In his monumental history Debt: The First 5,000 Years, the anthropologist David Graeber accused economists of inventing “imaginary villages” as the settings for their just-so stories about the ancient origins of financial exchange. Five thousand years later, it is hard not to apply the same phrase to the strange world of cryptocurrency, a skein of imaginary communities and exchanges that claimed to be reinventing trade and commerce from first principles even as, in reality, they reinvented forms of fraud and exploitation that are almost as old as money itself. Money, Groucho Marx supposedly observed, can’t buy happiness, but it does let you choose your own form of misery. And fake money? All the more so.
Until recently, crypto fantasies were all but impossible to avoid. In the churn of shiny-object internet and technology fads, it feels like barely yesterday when every celeb in the United States was hawking crypto at the Super Bowl and NFTs on late night. The precise consumer purpose of crypto was never entirely clear—it was sold as something halfway between the stock market and online sports books—but celebrity spokespeople from Matt Damon to Larry David to Spike Lee promised that it represented the future, a vague country where banks and credit card companies and 10-year cycles of recession and 401(k) devaluation were as obsolete as the horse and buggy. Well, no one likes bank fees, and everyone hopes fortune will favor their boldness. Fear of missing out is a powerful economic motivator, which bland theories of rational individual economic actors do not capture.
Then FTX, once one of the most prominent crypto exchanges, collapsed spectacularly; the celebs got sued; and the regulatory bodies overseeing the world’s real capital markets suddenly saw fit to start poking around. In mid-June, the U.S. Securities and Exchange Commission and the major international cryptocurrency exchange Binance came to a court-mediated deal. The SEC had sought to force Binance to pay millions in restitution to customers that it had allegedly defrauded and to permanently enjoin the company’s founder, Changpeng Zhao (better known as CZ), from acting as a corporate director in the United States. Under the mediation deal, Binance’s U.S. arm would be permitted to continue limited operations, principally to allow U.S. customers to withdraw assets, but the company could not seamlessly transfer and intermingle funds and assets from the United States to its various offshore operations. That, it turns out, was the whole game.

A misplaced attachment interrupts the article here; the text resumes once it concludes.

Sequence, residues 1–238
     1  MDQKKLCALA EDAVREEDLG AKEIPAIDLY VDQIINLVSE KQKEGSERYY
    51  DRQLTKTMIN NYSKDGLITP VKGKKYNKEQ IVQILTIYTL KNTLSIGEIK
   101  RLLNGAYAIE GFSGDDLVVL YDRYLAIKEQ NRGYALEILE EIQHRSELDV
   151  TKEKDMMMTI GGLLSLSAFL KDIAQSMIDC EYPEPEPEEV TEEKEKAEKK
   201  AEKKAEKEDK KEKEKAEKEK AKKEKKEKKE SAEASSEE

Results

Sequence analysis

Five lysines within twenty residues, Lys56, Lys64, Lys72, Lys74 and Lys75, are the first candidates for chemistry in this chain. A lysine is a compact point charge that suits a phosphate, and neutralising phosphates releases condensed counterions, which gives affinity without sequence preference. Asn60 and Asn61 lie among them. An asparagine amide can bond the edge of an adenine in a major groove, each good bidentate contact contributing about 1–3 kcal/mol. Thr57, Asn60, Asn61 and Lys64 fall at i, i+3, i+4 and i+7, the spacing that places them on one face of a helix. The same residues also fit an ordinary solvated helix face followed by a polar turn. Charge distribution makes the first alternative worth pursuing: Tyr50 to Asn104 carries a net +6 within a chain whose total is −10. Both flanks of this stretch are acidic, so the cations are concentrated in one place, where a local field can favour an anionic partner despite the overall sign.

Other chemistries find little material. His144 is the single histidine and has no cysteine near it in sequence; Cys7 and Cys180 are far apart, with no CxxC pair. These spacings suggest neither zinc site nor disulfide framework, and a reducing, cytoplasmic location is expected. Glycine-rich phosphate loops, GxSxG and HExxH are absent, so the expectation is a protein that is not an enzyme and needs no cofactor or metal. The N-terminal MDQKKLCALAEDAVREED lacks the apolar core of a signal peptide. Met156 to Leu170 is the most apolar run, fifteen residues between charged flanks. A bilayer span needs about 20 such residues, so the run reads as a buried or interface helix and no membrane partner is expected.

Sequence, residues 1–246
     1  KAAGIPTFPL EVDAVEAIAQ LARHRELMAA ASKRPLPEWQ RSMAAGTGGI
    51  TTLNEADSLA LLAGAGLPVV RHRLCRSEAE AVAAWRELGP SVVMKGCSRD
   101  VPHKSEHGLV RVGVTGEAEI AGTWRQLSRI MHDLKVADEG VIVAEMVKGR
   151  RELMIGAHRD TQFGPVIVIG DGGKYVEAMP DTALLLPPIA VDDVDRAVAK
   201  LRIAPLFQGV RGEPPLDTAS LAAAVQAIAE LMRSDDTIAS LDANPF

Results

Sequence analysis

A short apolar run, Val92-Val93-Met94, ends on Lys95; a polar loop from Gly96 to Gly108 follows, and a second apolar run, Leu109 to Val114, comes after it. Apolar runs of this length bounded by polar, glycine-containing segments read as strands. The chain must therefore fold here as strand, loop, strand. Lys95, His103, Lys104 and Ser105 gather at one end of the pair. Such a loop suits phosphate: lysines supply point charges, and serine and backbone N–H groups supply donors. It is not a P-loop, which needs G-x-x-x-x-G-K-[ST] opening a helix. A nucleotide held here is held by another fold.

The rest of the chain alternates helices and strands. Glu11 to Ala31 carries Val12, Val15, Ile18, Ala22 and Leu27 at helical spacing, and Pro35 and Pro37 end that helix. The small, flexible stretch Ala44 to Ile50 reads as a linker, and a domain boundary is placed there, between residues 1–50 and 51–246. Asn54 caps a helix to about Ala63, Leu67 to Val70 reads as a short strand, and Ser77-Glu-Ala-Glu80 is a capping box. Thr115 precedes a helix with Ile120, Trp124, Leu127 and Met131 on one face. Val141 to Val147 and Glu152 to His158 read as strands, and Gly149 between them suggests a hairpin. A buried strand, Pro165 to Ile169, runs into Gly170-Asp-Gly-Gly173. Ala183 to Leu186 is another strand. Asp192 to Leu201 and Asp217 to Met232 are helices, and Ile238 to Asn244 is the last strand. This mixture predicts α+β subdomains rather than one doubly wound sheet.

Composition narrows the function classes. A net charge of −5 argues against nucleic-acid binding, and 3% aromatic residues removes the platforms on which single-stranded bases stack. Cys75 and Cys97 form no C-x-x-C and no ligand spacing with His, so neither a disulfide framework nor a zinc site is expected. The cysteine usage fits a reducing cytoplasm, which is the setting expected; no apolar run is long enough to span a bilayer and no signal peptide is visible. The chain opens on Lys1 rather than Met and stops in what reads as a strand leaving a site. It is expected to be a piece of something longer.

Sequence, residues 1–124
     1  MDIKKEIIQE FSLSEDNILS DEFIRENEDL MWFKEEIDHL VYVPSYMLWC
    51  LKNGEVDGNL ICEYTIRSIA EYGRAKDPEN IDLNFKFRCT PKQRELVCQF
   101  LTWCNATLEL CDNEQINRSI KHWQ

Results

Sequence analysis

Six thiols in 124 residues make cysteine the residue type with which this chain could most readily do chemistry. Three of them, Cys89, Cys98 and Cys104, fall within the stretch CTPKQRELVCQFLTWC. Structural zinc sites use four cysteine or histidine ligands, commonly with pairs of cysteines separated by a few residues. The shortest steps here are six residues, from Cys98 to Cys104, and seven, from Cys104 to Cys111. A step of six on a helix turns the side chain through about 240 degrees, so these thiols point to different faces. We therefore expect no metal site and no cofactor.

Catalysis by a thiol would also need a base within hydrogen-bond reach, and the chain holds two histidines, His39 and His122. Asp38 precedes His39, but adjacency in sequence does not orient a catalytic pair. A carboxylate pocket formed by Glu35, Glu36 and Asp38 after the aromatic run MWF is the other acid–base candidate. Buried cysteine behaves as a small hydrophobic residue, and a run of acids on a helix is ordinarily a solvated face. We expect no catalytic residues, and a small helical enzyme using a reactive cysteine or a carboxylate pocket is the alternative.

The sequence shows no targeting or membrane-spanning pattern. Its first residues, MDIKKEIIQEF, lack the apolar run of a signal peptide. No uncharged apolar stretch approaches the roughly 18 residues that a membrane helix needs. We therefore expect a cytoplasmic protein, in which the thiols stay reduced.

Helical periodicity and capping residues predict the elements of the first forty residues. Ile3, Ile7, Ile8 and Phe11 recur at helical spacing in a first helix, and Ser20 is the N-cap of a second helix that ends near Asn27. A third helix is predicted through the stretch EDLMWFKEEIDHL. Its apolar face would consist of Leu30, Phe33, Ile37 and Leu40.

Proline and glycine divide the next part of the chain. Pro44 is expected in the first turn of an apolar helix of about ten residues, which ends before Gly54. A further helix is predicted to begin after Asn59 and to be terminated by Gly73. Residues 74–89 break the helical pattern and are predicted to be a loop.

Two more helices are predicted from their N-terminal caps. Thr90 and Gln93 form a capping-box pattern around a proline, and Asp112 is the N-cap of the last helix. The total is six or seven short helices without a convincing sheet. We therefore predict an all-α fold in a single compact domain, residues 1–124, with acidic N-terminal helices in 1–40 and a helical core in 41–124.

The SEC suit follows a separate action from the Commodities Futures Trading Commission that seeks, among other things, to permanently bar CZ from ever again engaging in any activity that falls under CFTC jurisdiction. It is likely to succeed in doing just that, and Binance’s days of access to the North American market are almost certainly numbered. EU regulators are circling as well, particularly in France—the exchange maintains one of its major global offices in Paris—where Binance and CZ are accused of false advertising and failing anti–money laundering obligations. Well, there is always Kazakhstan.
Enthusiasts and investors have meanwhile found other fads to glom onto (the metaverse! AI!). When God bursts a bubble, he blows up a new one. Crypto still exists; the blockchain is still out there, endlessly searching for a use case; but the music is slowing, even if it has not yet entirely stopped.